The United Kingdom has been a playground of architectural flare for generations.
It’s a good idea to glance up if you want to see the best instances of the capital’s design brilliance – not only at the city’s skyscrapers but also at the different styles of ceilings, which will frequently leave you even more astounded.
Some of the most extraordinary instances of artwork in the United Kingdom can be found just above your head, from mind-bogglingly detailed marble work to gallery-worthy paintings.
These are the gorgeous ceiling designs worth a bit of stiff neck:
The Chapel of Fitzrovia was once part of the now-demolished Middlesex Hospital, has a lot more to offer than your average hospital prayer room.
John Loughborough Pearson designed the Neo-Gothic structure, which began building in 1891. It was completed in 1929 by his son Frank as a tribute to Major Ross MP, the hospital’s former Chairman of the Board of Governors.
Westminster Hall, the only surviving portion of the historic Palace of Westminster, looks distinct from Charles Barry’s 19th-century Houses of Parliament, yet it is one of London’s oldest structures.
Westminster Hall has the most extensive unsupported roof in the United Kingdom, with portions dating 1087. It was constructed during William II’s reign, and most of it still dates from the 1390s.
Look up to see the wooden angels on the beam. Each one has a distinct appearance!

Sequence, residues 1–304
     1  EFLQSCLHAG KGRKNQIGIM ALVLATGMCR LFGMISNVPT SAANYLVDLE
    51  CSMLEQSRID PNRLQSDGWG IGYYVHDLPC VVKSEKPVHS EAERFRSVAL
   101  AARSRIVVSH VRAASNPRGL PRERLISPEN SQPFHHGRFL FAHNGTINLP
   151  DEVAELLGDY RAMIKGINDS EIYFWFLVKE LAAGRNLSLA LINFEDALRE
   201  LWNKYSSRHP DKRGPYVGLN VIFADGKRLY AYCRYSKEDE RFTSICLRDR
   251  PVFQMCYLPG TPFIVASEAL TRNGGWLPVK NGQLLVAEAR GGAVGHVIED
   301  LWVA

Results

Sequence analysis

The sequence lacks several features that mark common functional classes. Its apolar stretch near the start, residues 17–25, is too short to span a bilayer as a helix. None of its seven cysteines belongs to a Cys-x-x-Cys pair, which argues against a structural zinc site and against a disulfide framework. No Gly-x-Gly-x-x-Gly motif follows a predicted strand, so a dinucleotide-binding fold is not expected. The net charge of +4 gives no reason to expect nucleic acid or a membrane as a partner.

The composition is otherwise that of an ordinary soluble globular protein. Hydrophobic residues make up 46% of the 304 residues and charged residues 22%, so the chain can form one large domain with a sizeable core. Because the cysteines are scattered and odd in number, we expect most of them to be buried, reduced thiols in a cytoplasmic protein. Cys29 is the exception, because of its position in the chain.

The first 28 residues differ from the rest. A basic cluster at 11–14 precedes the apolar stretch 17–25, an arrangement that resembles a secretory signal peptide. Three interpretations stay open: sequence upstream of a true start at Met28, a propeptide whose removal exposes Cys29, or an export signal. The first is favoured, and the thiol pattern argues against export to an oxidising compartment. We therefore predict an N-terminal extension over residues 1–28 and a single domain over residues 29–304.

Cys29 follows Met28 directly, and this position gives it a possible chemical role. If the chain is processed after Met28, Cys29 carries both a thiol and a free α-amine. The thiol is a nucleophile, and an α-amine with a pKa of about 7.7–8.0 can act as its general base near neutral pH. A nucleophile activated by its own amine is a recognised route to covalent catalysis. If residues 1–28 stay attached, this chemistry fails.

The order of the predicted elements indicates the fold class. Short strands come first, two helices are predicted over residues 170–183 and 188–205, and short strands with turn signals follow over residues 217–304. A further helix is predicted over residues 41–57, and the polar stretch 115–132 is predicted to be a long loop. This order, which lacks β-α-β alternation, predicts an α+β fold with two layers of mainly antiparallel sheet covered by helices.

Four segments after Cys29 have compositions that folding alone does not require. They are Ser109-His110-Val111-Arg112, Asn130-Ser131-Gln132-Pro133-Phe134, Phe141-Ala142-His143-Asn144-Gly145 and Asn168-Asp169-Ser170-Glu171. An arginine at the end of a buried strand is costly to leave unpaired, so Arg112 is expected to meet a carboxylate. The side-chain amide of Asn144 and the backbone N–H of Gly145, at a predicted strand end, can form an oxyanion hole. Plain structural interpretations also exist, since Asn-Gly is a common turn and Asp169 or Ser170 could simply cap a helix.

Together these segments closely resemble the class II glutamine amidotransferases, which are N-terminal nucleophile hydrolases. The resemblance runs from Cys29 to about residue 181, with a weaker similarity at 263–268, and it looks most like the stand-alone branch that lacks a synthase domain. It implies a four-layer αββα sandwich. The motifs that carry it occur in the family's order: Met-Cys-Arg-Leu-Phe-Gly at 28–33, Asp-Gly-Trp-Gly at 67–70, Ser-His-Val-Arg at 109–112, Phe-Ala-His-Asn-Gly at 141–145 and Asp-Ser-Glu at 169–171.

Kenwood House Library
Around 50 churches in London are tucked around corners and often forgotten behind skyscrapers. A visit to St. Mary Aldermary on Bow Lane, EC4, should be on everyone’s bucket list.
Its fan-vaulted ceiling is one of London’s most astonishing ‘hidden gems,’ so unexpected in such a little parish church. Another surprise is that the church has its coffeeshop, ‘host,’ which is open from Monday to Friday, 7.15 am-4.45 pm.
Kenwood has a unique history and a fantastic art collection, including Old Masters like Rembrandt and Vermeer.
BAPS Shri Swaminarayan Mandir
The BAPS Shri Swaminarayan Mandir, completed in 1995, is the largest Hindu temple outside India. Inside and out, it’s encrusted with incomprehensibly intricate artwork carved by hand by artisans from Italian Carrara and Bulgarian limestone. Naturally, the gleaming white ceilings are no exception.
Old Royal Navy College
When it comes to London’s most impressive ceilings, the Old Royal Navy College has to be at the top of the list. The Painted Hall’s ceiling is a massive 40,000 square feet, completely covered with a painted design by an English painter James Thornhill (of St Paul’s Cathedral fame). The picture depicts 200 characters involved in a complex narrative, alluding to the country’s political transformation, which coincided with the formation of the United Kingdom.
This list isn’t entirely comprised of golden oldies. The British Museum’s Queen Elizabeth II Great Court opened in 2000, coinciding with the millennium celebrations. It is Europe’s largest covered plaza, covering over 3,500m2, and what surrounds it is magnificent. The center Reading Room’s triangulated glass roof breaks forth, undulating as it fans out to the court’s outer walls.